I unpacked a half-gone bottle of Captain left over from those wild college days, and we drank sips of chilled rum out of vintage green tumblers while we added dashes of this and that to the skillet, and the sounds of chicken sizzling in oil mingled with the footsteps in the apartment overhead, a drum, a plane taking off from JFK.
“This is how you’re supposed to heat tortillas,” Anette said as she threw them over the gas burner on the stove. “I lived with a Mexican.”
I chopped cilantro and cut up a few limes as we tasted our mole. It was good – and had a nice, lingering heat, but it was lacking a little punch on the tip of the tongue. I rummaged through my spices, figuring that out of the hundreds of random bags and bottles I’d find something suitable. Remembering an excellent sausage pasta I’d made earlier that was both sweet and spicy, I added a liberal dash of Berbere spice and honey. Berbere is an Ethiopian spice mix which usually contains chile peppers, ginger, cloves, coriander, allspice, rue berries, and ajwain, and my honey was from the Tennessee mountains. And on top of that, I’m German-American and my cooking partner is from Norway. That, my friends, is New York in a nutshell.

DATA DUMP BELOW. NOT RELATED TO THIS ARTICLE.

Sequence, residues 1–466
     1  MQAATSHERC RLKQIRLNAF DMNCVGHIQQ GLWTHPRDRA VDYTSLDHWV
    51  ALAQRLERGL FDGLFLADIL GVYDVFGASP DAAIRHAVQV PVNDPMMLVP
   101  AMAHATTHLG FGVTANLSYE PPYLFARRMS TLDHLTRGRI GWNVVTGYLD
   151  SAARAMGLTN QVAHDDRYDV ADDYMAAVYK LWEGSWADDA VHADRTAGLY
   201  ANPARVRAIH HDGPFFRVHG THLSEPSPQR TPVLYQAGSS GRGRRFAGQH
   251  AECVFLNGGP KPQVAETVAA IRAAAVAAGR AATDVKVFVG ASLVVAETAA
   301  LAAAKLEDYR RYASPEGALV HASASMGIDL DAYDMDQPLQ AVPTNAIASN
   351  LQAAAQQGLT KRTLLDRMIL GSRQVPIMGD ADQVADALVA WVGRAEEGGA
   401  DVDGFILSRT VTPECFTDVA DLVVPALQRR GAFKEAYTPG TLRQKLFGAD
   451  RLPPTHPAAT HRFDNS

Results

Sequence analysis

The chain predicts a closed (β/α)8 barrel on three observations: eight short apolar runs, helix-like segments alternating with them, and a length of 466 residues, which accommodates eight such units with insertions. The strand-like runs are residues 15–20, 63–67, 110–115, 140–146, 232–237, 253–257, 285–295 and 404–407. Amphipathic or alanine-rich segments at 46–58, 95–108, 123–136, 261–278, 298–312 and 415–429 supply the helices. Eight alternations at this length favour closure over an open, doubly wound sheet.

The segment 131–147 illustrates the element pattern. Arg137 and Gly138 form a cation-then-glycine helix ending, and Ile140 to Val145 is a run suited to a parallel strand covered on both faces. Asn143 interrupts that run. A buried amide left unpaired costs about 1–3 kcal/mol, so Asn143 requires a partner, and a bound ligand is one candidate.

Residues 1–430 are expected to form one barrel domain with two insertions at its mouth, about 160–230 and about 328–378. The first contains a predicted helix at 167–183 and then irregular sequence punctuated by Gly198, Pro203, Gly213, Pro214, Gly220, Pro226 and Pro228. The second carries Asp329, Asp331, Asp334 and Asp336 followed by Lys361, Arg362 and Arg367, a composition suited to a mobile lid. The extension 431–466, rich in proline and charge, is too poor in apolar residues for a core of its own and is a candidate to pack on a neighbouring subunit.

I probably don’t need to say so, but our mole was good. We each had two tortillas stuffed with warm, freshly cooked rice, the spicy, sweet, rich chicken mole, lime, and cilantro. As Anette said on her way to a second round, “I’m so full, but that is so delicious, I don’t even care.”
So my kitchen is christened. My skillets and spatulas have a home, the brie has its place in the corner of the fridge as does the flour, and all the knives have gotten a good sharpening. I live with people who like to eat and like to cook. They might still sigh when they trip over that big box in front of the door – but I’ll just give them a taco and tell them it’ll all be cleaned up soon.
Inaugural Chicken Mole
The inspiration for this mole came from the May 09 issue of Bon Appétit. But since we didn’t measure anything, I’ll just sort of lay out the groundwork for this recipe – feel free to make it your own. Ended up getting about 9 burritos out of this guy.
2 chicken breasts
1 bouillon cube
1 yellow onion
Handful ground almonds
2 cloves garlic
1 jar Dona Maria mole
Handful golden raisins
One-ish tablespoon of honey
Dash of berbere spice
Sauté chicken in oil until cooked through and nicely browned. Meanwhile, bring about one cup (maybe even one and a half cups) water, bouillon cube, and orange juice to a boil – add chicken and simmer. In a skillet, sauté onions until translucent. Add almonds, garlic, cumin, and coriander. Remove chicken from broth and shred it finely. Add broth and jar of mole to the skillet with the onions and mix it up until the consistency is thick but fluid. Think less wet cement and more mud puddle (is this a bad comparison for food?). Here’s where you get to exercise intuition, since you’ll have to add a combination of broth (so don’t add all the broth at once) and olive oil to the skillet to get the right consistency. Anyway. When the consistency’s right, add the raisins, oregano, honey, berbere, and salt. Guess I should have mentioned that all this time, you should be making some rice. Throw your tortillas over the burner for a few seconds and then top them with rice, mole, lime, and chopped cilantro.